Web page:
• The Gothamist reported that New York state prisons have abruptly suspended all testing for drug contraband, according to a leaked Department of Corrections and Community Supervision (DOCCS) memo. The tests had been administered using technology from Sirchie, a forensics company based in North Carolina, and had been criticized for producing false positives. The DOCCS directive nullifies pending disciplinary hearings based on the Sirchie tests but does not address the cases of incarcerated people already found guilty for contraband, many of whom were sent to solitary confinement or lost good behavior time. Victor Pate, an organizer for the HALTsolitary Campaign said, “The harm that has been done can never be reversed…What will be done for the thousands of people who have already been tortured based on false drug tests, who have already suffered permanent psychological and physical damage?”

• The Orange County Register published an opinion piece by forensic psychiatrist and professor Terry Kupers condemning Orange County’s approval of $261 million for a company to build 900 new jail beds at the James A. Musick Jail in Irvine, California. Kupers says this money should be directed towards community mental health diversion programs, rather than the incarceration of more people with mental illness. Kupers, who has extensively researched the effects of solitary, wrote, “Officers at the jail rely almost exclusively on punishment for unacceptable behavior. Instead of helping the inmate with mental illness improve his or her behavior, they punish, often by consigning the individual to solitary confinement—and the time in solitary exacerbates their mental illness and makes their prognosis and recidivism rates dire.” Since 2015, the Orange County Sheriff’s Department has seen a 40 percent increase in mental health cases.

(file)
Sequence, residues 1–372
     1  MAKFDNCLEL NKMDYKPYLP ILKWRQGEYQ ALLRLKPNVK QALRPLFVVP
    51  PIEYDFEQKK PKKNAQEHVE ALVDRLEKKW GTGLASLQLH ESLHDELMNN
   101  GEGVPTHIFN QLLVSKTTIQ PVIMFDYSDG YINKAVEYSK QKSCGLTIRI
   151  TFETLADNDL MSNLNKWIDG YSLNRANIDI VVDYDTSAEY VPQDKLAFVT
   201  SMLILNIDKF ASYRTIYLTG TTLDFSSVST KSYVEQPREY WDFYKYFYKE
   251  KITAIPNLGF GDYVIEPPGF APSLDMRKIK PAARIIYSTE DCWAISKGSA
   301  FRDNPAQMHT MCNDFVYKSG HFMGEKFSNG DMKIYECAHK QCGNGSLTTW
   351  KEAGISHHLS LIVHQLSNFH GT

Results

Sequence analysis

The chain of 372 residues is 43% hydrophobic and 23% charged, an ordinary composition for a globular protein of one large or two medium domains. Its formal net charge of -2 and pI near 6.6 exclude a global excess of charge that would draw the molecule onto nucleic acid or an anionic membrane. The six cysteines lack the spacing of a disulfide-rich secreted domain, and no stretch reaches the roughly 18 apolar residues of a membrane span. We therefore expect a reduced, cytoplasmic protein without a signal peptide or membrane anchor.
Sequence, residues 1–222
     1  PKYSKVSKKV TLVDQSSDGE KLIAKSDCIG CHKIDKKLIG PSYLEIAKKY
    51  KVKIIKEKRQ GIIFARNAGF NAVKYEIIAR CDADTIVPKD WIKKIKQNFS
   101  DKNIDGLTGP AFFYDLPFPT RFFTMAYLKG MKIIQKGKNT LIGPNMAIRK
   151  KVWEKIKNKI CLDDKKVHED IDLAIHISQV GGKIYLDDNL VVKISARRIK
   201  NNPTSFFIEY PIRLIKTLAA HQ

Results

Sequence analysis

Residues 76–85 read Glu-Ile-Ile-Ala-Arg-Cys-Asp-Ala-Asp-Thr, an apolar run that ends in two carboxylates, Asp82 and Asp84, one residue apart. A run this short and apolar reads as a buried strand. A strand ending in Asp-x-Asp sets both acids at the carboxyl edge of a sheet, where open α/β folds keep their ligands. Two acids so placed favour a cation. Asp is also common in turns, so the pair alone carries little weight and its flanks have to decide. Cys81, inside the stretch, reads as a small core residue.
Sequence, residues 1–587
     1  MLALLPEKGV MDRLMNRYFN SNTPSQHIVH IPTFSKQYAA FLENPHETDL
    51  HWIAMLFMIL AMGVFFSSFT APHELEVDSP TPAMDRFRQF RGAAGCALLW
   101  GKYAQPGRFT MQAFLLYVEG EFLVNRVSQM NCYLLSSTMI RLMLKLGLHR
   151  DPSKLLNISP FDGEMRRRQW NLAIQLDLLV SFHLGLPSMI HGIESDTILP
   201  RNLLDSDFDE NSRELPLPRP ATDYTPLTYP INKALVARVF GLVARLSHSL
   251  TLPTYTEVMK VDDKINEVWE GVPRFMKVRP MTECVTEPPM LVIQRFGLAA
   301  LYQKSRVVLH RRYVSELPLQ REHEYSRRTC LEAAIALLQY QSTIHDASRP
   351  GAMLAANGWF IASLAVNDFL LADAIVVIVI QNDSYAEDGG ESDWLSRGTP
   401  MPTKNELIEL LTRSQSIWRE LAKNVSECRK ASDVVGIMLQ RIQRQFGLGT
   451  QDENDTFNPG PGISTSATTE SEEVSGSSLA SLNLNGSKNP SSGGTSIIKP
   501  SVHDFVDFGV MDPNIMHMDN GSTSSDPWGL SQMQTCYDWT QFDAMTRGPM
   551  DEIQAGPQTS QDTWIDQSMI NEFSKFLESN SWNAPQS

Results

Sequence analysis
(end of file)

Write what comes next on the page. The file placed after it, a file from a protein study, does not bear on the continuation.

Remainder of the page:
• WRAL reported that a North Carolina judge is considering appointing an expert to monitor state prisons’ response to the coronavirus, after the NAACP and ACLU requested oversight measures. The judge ruled last month that the state was failing to meet the conditions his court had ordered in June. Attorney Elizabeth Simpson said that the state is placing sick people in solitary confinement “without access to cold water, sunlight, conversation or exercise,” instead of placing them in medical isolation. “What happens behind these prison walls can only be tolerated because most people never see it,” said Simpson. The ACLU is calling for an expansion of a program that would allow more people to complete their time back in society. According to the state, ten incarcerated people have died from the coronavirus in its custody.